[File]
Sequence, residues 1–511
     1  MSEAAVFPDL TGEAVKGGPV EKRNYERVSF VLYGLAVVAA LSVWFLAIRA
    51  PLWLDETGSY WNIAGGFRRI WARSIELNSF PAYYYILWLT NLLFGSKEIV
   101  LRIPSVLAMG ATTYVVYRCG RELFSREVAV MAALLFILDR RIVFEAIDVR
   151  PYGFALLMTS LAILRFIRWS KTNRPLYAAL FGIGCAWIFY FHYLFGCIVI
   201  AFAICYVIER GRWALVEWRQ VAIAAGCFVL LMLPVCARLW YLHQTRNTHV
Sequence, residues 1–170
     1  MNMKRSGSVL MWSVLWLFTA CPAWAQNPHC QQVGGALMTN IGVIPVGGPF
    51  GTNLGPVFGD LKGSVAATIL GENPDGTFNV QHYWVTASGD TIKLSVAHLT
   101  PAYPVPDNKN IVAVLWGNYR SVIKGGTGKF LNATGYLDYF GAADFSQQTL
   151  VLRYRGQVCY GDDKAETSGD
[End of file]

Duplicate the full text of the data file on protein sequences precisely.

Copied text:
Sequence, residues 1–511
     1  MSEAAVFPDL TGEAVKGGPV EKRNYERVSF VLYGLAVVAA LSVWFLAIRA
    51  PLWLDETGSY WNIAGGFRRI WARSIELNSF PAYYYILWLT NLLFGSKEIV
   101  LRIPSVLAMG ATTYVVYRCG RELFSREVAV MAALLFILDR RIVFEAIDVR
   151  PYGFALLMTS LAILRFIRWS KTNRPLYAAL FGIGCAWIFY FHYLFGCIVI
   201  AFAICYVIER GRWALVEWRQ VAIAAGCFVL LMLPVCARLW YLHQTRNTHV
Sequence, residues 1–170
     1  MNMKRSGSVL MWSVLWLFTA CPAWAQNPHC QQVGGALMTN IGVIPVGGPF
    51  GTNLGPVFGD LKGSVAATIL GENPDGTFNV QHYWVTASGD TIKLSVAHLT
   101  PAYPVPDNKN IVAVLWGNYR SVIKGGTGKF LNATGYLDYF GAADFSQQTL
   151  VLRYRGQVCY GDDKAETSGD